THE National University of Singapore (NUS) has been praised for honouring Malaysian Prime Minister Tun Dr Mahathir Mohamad in a heartwarming gesture that helps to further bond Singapore-Malaysia ties.
Former Non-Constituency Member of Parliament Viswa Sadasivan, a prominent political commentator, offered deserving pats-on-the-back for the “attention to detail it paid in organising the ceremony” where Tun Mahathir received an Honorary Doctor of Laws while his wife was given the Distinguished Alumni Service award.
“It had pomp and, more importantly, warmth in honouring its distinguished alumni. The welcome speech by the NUS president and the citation were formal yet personal,” wrote Mr Sadasivan in a forum letter in Saturday’s edition of The Straits Times, headlined, “Going beyond government-to-government ties with neighbours”.
Specifically, he noted: “Care was taken to ensure the audience comprised not only dignitaries but also individuals who had a relationship with Tun Dr Mahathir.”
He said that just before the ceremony, the university even arranged a gathering for the Malaysian PM to meet his old friends from medical college. He added: “Clearly, this meant very much to him and his wife. His appreciation was palpable in his acceptance speech. He said he will value this award for the rest of his life.”
Mr Sadasivan, 59, who was a NMP in the Parliament of Singapore from 2009 to 2011, noted that despite Tun Mahathir’s sometimes perceived thorny ties with Singapore, “events like these help to reframe relationships and make them less sharp…differences are allowed to thaw”.
And it is august occasions like this that will allow leaders on both sides of the Causeway to be more open to reconciliation.
“They remind leaders of the splendour of the larger canvas against which imperfections are dotted,” wrote Mr Sadasivan. “We tend to forget that political leaders are human. We need to recognise the in-built limitation of government-to-government relations.”
It’s common knowledge that Malaysia-Singapore ties became somewhat thorny after Tun Mahathir returned to power in the May general election. Leaders of both government sparred publicly through the media over issues old and new, ranging from the water price, construction of the “crooked bridge,” and the High-Speed Rail project.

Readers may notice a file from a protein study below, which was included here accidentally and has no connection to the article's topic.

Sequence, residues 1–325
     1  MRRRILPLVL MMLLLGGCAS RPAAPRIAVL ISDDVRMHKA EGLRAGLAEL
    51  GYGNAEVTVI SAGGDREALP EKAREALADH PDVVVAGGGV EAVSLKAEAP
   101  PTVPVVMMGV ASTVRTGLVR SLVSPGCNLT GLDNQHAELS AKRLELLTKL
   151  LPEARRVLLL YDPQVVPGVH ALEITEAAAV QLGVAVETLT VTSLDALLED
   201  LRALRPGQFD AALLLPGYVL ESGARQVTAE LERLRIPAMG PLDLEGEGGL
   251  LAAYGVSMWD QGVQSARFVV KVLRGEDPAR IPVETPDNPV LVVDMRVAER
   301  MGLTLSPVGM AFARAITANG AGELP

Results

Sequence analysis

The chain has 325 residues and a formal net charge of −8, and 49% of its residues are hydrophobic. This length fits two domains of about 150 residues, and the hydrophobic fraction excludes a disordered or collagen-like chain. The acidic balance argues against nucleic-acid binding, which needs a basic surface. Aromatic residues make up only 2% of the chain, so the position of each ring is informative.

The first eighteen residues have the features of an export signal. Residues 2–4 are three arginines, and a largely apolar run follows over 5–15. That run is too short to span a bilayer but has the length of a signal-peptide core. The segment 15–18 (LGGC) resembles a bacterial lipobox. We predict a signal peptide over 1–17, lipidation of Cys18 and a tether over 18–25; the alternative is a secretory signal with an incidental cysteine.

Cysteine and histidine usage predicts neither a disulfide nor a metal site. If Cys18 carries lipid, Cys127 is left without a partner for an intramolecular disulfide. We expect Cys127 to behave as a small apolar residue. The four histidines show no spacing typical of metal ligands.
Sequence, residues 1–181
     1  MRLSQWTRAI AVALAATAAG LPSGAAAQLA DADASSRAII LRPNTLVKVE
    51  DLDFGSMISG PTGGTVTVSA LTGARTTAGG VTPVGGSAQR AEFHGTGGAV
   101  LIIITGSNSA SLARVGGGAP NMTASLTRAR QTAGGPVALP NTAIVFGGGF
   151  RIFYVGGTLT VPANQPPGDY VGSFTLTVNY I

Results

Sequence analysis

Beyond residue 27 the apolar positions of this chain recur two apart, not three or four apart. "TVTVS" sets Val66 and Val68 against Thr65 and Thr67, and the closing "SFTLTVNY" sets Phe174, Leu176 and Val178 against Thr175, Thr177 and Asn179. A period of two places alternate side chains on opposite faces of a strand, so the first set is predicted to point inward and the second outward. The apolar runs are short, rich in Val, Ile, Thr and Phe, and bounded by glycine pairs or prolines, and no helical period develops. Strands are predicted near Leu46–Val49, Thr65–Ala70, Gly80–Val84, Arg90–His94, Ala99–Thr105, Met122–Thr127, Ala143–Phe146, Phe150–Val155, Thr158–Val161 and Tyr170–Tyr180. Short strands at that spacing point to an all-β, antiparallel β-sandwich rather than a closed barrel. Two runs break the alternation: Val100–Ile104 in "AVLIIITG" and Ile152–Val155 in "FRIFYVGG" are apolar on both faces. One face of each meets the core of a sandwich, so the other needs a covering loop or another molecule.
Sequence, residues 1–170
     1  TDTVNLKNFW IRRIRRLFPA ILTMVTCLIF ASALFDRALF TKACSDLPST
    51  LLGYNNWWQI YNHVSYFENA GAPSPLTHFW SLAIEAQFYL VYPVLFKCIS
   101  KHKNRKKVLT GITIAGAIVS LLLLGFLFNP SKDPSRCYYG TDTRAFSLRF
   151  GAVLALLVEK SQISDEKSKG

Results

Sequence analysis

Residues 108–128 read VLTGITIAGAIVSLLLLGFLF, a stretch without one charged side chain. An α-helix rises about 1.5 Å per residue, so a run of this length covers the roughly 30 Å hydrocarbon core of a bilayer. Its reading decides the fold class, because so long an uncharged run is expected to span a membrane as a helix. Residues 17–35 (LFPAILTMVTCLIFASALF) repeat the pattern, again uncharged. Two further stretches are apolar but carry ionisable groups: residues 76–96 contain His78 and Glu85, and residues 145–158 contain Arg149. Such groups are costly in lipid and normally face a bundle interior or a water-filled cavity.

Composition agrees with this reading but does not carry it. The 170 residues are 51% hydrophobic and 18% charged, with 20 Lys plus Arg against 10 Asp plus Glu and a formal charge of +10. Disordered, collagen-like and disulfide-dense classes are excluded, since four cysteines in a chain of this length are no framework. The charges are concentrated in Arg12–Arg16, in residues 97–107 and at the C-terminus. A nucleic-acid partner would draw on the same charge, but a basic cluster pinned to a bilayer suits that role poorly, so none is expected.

WARMER TIES WITH MALAYSIA
But political commentators have rightly noted that the bilateral relationship is warmer than the first Mahathir administration under Barisan Nasional and when the late Lee Kuan Yew was Prime Minister of Singapore.
Tun Mahathir also said in a recent Istana meeting with PM Lee Hsien Loong that Malaysia and Singapore cannot avoid having differences and will remain in a state of competition.
“There will be some differences, there will also be competition…but the competition is always healthy. It helps us to make an effort, to win. It only helps us to grow even faster,” he said.
In further strong messages in his forum letter, Mr Sadasivan reiterated that here must be a continuous give-and-take harmony in relationships between the two closest neighbours. He said: “Governed by the need to further specific national interests, they have to be task-driven. This is why such negotiations tend to be binary. Softening ties is important, but hard to achieve.”
Mr Sadasivan has been extensively involved in public service for more than two decades. He has served as the Chairman of the Political Development Feedback Group of Singapore’s Feedback Unit, and as Vice-President and Secretary of the Singapore Indian Development Association (SINDA) Executive Committee. He has also served on the Media Development Authority’s Board, the Singapore 21 Committee, Economic Review Committee, Remaking Singapore Committee, and the National Youth Achievement Award Council.
BUILDING RELATIONSHIP TRACKS
He urged the two governments to be receptive to the “need to be more committed to building and deepening alternative relationship tracks, where the modus operandi is discourse, not negotiation”.
“The tracks can be based on business, alumni, sports, non-governmental organisations or even hobby-based relationships,” he noted. “Singapore and our immediate neighbours’ historical and kinship ties are deep, and relationships are multifaceted with revolving doors between them.”
Pointedly, Mr Sadasivan says a continuing cordial partnership “can help soften the ground and nudge political leaders away from hardline positions, towards shared interests”.
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